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    The Panel Discussion At Santa Clara Law

    Yesterday, I had the honor of being one of the 4 attorneys participating in a panel discussion hosted by Santa Clara's Law and Business Club. We spoke in front of about 40 students.

    The panel was very diverse: William Russell, a family law attorney who works as a freelancer to other family law attorneys, joining them as co-counsel in litigation. A Santa Clara Law graduate who runs her own estate planning and family law firm; a 2009 graduate with a brand new temporary CFO/accounting/law practice business, and myself. 

    One of the first interesting things we found out that Mr. Russell works as a freelance attorney, but hadn't realized that was the case. He had spent many years in various firms, practicing family law. And then he decided that he's tired of dealing with the family law clients, and wants to deal only with the courts - and began working as co-counsel to other family lawyers who didn't want to tlitigate anything. So, Mr. Russell took over their litigation.

    The four of us had an interesting conversation - and as usual, answered lots of great questions from the audience. At first, the moderators tried to direct all the freelance questions to me specifically. However, after a short while, all the panelists came to an agreement that a freelance practice is truly a better option for a recent graduate.

    A true solo practice is certainly rewarding - but it's also incredibly difficult to build, maintain, and grow. A new attorney without the necessary and wide-ranging skills will not notice any of the rewards of a solo practice as she'll be too busy worrying about not going under, or committing malpractice. A freelance practice, however, is a great way to acquire all those skills, with a much lesser amount of responsibility than as a solo. 


    Catching Up... 

    Well, I've been busy. The estate planning practice is seasonal – spring and fall are very filled with clients. (Interesting how nobody wants to think about dying in the summer… But fall and spring are the seasons for housekeeping-type activities). So, lots of billable work. At the same time, I’ve been doing lots of seminars: at Boalt, at Hastings, at Santa Clara, at UC Davis.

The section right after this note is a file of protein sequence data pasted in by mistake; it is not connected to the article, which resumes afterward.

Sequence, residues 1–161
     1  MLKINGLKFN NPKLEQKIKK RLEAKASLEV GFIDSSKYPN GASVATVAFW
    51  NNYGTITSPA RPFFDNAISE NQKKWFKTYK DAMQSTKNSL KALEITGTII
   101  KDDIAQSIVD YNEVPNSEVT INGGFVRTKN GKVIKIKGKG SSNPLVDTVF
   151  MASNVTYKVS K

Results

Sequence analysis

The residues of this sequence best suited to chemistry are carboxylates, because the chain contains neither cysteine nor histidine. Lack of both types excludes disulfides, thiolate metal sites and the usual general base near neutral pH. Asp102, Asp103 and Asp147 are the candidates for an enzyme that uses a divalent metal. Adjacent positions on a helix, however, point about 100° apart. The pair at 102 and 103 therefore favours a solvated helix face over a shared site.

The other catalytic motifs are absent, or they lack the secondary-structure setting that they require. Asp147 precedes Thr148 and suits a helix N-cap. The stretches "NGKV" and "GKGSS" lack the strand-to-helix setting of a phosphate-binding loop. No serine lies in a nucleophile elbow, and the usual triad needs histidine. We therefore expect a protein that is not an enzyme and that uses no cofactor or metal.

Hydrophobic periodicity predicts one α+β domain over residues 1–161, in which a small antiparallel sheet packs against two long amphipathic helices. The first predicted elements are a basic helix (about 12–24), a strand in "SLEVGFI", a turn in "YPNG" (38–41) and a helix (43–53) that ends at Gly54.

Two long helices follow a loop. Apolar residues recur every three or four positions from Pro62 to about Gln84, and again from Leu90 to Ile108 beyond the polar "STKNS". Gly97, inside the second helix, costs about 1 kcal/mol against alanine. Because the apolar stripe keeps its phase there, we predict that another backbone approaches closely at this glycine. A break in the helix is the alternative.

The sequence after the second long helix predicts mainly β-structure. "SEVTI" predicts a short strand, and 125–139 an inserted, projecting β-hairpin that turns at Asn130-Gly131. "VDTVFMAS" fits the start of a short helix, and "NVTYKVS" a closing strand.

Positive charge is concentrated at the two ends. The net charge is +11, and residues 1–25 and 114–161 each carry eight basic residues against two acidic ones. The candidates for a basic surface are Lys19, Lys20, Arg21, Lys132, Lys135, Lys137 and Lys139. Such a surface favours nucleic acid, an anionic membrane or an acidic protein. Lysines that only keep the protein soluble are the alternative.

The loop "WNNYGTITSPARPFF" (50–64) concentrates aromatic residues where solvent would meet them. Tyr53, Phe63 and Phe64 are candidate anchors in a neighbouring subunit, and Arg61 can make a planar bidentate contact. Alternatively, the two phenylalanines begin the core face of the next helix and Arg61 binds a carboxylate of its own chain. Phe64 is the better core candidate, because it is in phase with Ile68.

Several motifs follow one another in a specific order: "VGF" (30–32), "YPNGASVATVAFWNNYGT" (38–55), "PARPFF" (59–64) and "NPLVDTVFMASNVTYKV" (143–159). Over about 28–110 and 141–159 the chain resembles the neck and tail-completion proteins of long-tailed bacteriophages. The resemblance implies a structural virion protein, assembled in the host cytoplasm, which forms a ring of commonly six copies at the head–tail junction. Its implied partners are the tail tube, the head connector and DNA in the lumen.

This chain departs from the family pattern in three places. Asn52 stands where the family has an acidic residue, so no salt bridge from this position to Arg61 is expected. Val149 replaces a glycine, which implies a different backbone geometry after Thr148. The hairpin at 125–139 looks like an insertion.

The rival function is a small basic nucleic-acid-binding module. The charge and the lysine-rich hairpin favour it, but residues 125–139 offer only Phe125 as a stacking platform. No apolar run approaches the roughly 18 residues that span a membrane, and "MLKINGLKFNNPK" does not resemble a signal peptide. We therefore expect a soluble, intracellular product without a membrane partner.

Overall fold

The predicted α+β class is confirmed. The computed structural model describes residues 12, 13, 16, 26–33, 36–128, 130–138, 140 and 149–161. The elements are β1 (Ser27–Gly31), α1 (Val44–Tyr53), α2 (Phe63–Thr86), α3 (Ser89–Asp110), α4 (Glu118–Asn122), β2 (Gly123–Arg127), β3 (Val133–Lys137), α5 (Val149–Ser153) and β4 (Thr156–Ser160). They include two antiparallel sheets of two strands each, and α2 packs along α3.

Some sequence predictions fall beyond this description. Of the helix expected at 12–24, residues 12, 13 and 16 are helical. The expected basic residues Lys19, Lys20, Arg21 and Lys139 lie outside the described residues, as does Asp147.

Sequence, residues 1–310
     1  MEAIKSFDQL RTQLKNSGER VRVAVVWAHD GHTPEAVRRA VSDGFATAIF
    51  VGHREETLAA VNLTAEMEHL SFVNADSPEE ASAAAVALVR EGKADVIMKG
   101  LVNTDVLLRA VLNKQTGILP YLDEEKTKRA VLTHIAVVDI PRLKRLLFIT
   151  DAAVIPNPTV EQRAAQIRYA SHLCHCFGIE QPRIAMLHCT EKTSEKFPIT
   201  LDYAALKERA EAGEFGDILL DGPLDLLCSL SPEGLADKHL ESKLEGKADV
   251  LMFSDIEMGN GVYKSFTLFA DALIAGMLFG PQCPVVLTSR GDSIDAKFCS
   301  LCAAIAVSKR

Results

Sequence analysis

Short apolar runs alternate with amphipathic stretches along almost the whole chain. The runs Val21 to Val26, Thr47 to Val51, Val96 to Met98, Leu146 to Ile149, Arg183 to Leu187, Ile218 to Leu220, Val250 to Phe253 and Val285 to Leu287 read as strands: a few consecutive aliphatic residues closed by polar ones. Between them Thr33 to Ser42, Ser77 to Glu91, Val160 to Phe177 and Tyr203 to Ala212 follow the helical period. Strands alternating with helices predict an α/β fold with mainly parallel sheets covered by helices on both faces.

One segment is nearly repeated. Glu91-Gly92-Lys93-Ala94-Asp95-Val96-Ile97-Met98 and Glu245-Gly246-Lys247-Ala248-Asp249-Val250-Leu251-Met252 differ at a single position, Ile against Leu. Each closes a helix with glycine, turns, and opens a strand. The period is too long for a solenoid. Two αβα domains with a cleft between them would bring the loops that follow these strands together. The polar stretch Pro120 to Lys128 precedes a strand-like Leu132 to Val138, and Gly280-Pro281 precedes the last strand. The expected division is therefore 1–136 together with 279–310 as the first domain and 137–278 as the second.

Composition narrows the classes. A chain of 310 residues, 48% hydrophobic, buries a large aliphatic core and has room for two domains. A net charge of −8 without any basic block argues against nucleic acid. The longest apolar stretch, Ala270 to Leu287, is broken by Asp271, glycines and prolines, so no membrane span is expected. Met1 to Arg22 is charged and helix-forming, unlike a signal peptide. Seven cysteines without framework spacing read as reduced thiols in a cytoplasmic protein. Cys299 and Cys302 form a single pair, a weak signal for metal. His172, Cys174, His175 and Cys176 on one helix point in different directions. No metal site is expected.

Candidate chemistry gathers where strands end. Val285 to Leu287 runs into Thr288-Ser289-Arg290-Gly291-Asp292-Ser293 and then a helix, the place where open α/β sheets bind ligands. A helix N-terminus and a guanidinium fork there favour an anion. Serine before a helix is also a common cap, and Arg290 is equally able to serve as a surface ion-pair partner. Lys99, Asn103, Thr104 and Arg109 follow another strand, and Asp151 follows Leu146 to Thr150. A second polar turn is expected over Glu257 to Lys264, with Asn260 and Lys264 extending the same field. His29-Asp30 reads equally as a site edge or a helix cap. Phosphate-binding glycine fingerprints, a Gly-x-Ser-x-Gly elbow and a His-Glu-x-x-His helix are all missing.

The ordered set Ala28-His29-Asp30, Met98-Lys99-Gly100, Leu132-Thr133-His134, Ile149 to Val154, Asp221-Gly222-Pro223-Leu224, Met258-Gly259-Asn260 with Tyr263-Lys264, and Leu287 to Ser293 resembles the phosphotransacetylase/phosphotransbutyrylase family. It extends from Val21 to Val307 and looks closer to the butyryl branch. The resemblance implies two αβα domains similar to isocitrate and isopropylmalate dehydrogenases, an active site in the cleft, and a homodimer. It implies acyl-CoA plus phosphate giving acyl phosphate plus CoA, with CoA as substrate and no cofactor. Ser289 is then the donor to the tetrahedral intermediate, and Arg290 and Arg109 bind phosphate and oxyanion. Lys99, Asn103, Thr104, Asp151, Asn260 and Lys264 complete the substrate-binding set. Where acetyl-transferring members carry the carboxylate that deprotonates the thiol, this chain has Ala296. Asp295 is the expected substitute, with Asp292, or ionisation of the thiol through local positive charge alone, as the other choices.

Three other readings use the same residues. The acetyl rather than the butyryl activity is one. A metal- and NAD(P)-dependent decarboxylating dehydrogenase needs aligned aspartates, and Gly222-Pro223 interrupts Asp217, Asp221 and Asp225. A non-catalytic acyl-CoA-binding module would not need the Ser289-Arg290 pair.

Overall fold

The main thing I’m learning by giving the seminars is this: the material in the book will always be in the book, and the handout usually is comprehensive enough to be a stand-alone document. But the conversation with each particular group is what’s unique, an irreplaceable opportunity that should not be passed up. It’s what keeps me looking forward to my next seminar. 


    My Independence Track Process

    A little over a week ago, I presented my Independence Track seminar to a group of Boalt Hall graduates. I may have been the least experienced attorney in the room (I'm class of 2007). In fact, I am pretty sure I was the least expereinced attorney in the room.

    And what did I learn from my experience (because you know, presenters learn too!)? Well, I learned that I need to make Independence Track focus more narrow than it was originally. 

    Or rather, I need to return to the roots. Because from the very beginning, my passion was in law school reform, and I was inspired by helping recent graduates get jobs straight out of law school. But then, as time went on, I became older and gained more experience, and began feeling like I can speak to ALL attorneys, not just recent ones. 

    My Boalt Hall seminar taught be that I was wrong - my message is designed specifically for NEW attorneys. That is where I come from, that is where I have credibility, that is where there is the most need for help. 

    From now on, the title of this project becomes: "The Independence Track: How To Succeed As a Freelance Attorney, Right Out of Law School."

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